Fit Hearts And How We Can Build Them

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Goals, like losing weight and putting on a little muscle are all well and good. But when people first start taking on healthy goals, sometimes they tend to forget the most important parts of their body: those vital organs. Most vital of all is, of course, the heart. There are many risks that affect the heart. Cholesterol, blood sugar, heart disease, blood pressure. Just because you’re getting stronger or losing weight doesn’t mean you’re making your heart any healthier. So, we’re going to look at the heart healthy approach to a life with less risk.

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Don’t ignore it, go to the doctor

A lot of people ignore symptoms related to the heart that they really shouldn’t. Feelings of pain, tightness or discomfort in the chest might not be anything to be concerned about. But they can also be signs of an irregular heartbeat, heart disease, or many other serious conditions. Don’t take the risk and get it checked out. Even if you don’t have any worrying symptoms, schedule a visit to the doctor every year. You never know if you might develop conditions that affect your blood sugar, or if your cholesterol, blood pressure, and triglycerides are at their optimal levels. Based on your age, gender, weight, and other conditions, your doctor can tell what those levels are and specific your means of reaching them.

Cut the worst habits

You probably know the advice that’s coming already. Quitting smoking isn’t just advised for those who want better heart health. It is mandatory. For one, smoking damages your arteries, making it easier for fats to gather up and block off the blood vessels, causing heart attacks, strokes or angina. Nicotine increases your heart rate needlessly, pushing your blood pressure up. Smoking even makes it harder for your blood to do its job. By introducing more carbon monoxide into your system, your blood cells can’t effectively carry as much oxygen around your body, which is their primary function. Another habit worth watching closely is your drinking. In moderation, a glass of wine or two can be very good for your heart, lowering blood pressure and raising HDL (the “good cholesterol). Too much, however, can lead to a slew of other problems like liver damage, cancer, and damage to the heart muscles.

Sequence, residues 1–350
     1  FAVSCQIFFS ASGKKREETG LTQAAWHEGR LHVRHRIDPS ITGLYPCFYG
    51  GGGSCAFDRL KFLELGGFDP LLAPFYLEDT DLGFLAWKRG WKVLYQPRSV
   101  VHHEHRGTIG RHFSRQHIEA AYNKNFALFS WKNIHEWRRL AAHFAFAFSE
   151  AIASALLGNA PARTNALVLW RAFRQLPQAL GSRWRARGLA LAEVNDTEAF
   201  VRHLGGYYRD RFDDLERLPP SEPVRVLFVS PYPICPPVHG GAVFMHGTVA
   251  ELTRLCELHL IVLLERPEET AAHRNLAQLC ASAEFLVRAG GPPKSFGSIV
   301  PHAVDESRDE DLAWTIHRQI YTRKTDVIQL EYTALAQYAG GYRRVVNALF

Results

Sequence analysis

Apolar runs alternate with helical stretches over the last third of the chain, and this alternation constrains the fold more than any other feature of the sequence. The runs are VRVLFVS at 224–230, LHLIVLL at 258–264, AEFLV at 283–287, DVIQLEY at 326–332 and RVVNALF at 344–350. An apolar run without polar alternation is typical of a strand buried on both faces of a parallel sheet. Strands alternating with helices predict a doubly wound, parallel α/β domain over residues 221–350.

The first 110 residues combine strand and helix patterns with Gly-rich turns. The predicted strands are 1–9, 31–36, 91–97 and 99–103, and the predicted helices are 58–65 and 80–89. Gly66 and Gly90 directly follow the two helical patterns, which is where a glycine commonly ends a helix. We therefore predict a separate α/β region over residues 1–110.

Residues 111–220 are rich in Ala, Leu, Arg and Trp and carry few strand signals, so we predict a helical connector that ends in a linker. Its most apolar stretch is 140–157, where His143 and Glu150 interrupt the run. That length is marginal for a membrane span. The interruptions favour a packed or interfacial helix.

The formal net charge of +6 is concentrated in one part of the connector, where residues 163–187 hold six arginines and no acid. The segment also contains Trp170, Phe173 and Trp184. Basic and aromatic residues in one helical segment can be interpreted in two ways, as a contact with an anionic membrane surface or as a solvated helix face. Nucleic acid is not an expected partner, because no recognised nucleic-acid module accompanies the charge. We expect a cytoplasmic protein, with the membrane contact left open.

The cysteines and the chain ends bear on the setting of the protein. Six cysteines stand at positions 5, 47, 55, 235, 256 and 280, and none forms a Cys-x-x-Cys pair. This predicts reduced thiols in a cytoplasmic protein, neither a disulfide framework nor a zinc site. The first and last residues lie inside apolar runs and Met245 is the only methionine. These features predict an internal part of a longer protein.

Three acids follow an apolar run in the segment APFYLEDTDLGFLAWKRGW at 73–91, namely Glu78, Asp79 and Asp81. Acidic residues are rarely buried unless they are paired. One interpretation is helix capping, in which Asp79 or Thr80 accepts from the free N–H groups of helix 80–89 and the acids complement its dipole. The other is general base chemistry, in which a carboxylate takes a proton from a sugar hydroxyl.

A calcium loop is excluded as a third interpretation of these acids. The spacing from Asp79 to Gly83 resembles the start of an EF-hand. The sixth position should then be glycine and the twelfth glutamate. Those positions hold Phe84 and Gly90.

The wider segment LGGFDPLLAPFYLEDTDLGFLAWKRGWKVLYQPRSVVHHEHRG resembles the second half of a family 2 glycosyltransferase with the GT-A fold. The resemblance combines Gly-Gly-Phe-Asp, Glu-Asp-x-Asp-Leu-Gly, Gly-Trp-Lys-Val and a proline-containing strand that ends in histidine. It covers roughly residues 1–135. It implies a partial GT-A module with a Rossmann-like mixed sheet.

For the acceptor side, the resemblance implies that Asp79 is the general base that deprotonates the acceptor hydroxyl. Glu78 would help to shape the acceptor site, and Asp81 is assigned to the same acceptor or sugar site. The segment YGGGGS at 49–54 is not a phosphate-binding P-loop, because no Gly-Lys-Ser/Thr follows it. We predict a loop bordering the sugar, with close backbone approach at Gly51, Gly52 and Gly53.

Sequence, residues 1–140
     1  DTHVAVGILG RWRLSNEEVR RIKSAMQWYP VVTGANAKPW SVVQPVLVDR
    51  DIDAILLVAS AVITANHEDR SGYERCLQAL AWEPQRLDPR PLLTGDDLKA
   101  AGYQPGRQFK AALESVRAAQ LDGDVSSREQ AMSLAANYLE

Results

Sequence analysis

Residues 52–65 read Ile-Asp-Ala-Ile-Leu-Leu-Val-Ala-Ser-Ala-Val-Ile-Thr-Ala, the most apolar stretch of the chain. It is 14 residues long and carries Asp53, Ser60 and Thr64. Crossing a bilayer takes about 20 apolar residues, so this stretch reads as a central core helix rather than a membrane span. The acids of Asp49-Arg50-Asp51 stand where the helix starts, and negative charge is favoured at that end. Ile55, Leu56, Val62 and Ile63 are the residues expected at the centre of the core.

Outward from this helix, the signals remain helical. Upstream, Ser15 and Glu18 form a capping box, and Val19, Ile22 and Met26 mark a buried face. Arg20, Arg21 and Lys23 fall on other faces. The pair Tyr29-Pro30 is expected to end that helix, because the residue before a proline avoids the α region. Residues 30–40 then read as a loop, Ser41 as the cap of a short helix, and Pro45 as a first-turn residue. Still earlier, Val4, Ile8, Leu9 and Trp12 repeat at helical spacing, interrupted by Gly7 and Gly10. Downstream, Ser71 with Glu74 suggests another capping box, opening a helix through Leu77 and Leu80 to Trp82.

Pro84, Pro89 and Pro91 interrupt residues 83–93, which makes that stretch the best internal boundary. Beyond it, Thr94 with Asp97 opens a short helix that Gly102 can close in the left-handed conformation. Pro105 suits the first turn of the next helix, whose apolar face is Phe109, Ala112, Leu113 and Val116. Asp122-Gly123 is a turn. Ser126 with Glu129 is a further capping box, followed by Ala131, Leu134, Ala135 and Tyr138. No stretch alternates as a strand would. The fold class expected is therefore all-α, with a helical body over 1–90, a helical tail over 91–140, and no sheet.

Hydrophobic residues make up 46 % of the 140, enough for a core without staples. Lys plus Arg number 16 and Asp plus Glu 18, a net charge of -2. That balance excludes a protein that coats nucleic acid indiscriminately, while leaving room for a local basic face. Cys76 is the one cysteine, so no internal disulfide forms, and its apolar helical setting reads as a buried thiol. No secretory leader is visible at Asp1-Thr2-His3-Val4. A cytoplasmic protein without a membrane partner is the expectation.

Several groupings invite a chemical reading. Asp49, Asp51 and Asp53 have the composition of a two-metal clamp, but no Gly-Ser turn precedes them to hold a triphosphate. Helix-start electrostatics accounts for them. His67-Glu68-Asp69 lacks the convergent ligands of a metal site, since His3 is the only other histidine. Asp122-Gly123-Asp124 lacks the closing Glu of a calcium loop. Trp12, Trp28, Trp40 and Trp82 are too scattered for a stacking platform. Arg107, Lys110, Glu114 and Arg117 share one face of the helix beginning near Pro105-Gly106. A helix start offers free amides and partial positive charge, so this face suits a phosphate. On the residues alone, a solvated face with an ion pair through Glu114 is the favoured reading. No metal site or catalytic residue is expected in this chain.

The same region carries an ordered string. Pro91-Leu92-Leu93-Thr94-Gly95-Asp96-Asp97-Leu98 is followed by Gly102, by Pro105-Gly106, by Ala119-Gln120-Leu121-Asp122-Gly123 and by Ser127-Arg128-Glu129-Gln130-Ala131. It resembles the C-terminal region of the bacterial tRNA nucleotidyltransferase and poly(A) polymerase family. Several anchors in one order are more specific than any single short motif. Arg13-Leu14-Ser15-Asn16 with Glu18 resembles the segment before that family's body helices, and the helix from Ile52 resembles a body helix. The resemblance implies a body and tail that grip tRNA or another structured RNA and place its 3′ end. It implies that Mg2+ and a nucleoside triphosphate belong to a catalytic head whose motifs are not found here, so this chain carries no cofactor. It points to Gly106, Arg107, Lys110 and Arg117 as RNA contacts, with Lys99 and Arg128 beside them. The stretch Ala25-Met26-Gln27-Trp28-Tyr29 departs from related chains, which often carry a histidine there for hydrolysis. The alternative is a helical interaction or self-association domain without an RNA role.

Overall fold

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Get that heart pumping

Nothing is more important to the health of the heart than exercise. When you train your body, you also train your heart, as it temporarily increases blood rate, which strengthens the heart muscles. But not exercises are equal when it comes to improving heart health. Some exercises are more effective at improving the heart than others. Interval training is the single best kind of exercise as it continuously raises and lowers blood pressure, making the heart much better at handling a broader rate of activity. However, jumping into vigorous exercise without building up to it can prompt a heart attack in those who are already at risk.

Eat heartily

If you’re focusing just on calories, you may not be eating in a way that is best for the heart. Many people are aware that “fats” generally are bad for the heart. But it’s two particular kinds of fats that you want to limit. Saturated fats raise the level of unhealthy cholesterol in your body while trans fats do that while lowering the level of HDL “good” cholesterols at the same time. Salt and added sugars are another risk and are contained in many “low fat” processed foods, so make sure you always read the label carefully. So, what can help your heart? Omega-3 fatty acids in fish and nuts, more fiber and there’s been a lot of evidence to suggest the role of garlic in the treatment of diseases like coronary heart disease as well as asthma and cystic fibrosis. If you’ve started seriously counting calories, then that’s a good start. The next step is to start eliminating heart damaging foods and start reading the salt and sugar contents of everything you eat.